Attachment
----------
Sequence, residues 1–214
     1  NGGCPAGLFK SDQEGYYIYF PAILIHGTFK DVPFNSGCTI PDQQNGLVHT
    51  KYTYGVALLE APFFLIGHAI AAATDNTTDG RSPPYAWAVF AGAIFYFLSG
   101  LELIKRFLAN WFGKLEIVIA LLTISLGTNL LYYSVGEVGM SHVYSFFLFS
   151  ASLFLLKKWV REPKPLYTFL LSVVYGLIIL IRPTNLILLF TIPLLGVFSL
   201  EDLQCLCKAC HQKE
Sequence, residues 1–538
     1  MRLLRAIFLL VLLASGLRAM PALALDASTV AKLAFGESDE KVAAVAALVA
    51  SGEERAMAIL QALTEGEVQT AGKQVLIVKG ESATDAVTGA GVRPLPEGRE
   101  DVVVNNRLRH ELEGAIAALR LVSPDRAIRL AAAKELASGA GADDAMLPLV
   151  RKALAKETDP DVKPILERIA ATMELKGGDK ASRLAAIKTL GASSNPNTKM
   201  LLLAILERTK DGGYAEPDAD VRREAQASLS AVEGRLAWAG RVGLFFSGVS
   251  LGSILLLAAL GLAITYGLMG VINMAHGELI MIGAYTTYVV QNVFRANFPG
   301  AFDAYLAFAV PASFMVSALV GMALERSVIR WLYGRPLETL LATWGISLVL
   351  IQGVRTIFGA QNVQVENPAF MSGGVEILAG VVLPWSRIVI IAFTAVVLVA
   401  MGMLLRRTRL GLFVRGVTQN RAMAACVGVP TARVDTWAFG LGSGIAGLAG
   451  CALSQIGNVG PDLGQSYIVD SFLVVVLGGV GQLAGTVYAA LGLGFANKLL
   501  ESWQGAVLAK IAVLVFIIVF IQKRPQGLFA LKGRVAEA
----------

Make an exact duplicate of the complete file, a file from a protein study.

Sequence, residues 1–214
     1  NGGCPAGLFK SDQEGYYIYF PAILIHGTFK DVPFNSGCTI PDQQNGLVHT
    51  KYTYGVALLE APFFLIGHAI AAATDNTTDG RSPPYAWAVF AGAIFYFLSG
   101  LELIKRFLAN WFGKLEIVIA LLTISLGTNL LYYSVGEVGM SHVYSFFLFS
   151  ASLFLLKKWV REPKPLYTFL LSVVYGLIIL IRPTNLILLF TIPLLGVFSL
   201  EDLQCLCKAC HQKE
Sequence, residues 1–538
     1  MRLLRAIFLL VLLASGLRAM PALALDASTV AKLAFGESDE KVAAVAALVA
    51  SGEERAMAIL QALTEGEVQT AGKQVLIVKG ESATDAVTGA GVRPLPEGRE
   101  DVVVNNRLRH ELEGAIAALR LVSPDRAIRL AAAKELASGA GADDAMLPLV
   151  RKALAKETDP DVKPILERIA ATMELKGGDK ASRLAAIKTL GASSNPNTKM
   201  LLLAILERTK DGGYAEPDAD VRREAQASLS AVEGRLAWAG RVGLFFSGVS
   251  LGSILLLAAL GLAITYGLMG VINMAHGELI MIGAYTTYVV QNVFRANFPG
   301  AFDAYLAFAV PASFMVSALV GMALERSVIR WLYGRPLETL LATWGISLVL
   351  IQGVRTIFGA QNVQVENPAF MSGGVEILAG VVLPWSRIVI IAFTAVVLVA
   401  MGMLLRRTRL GLFVRGVTQN RAMAACVGVP TARVDTWAFG LGSGIAGLAG
   451  CALSQIGNVG PDLGQSYIVD SFLVVVLGGV GQLAGTVYAA LGLGFANKLL
   501  ESWQGAVLAK IAVLVFIIVF IQKRPQGLFA LKGRVAEA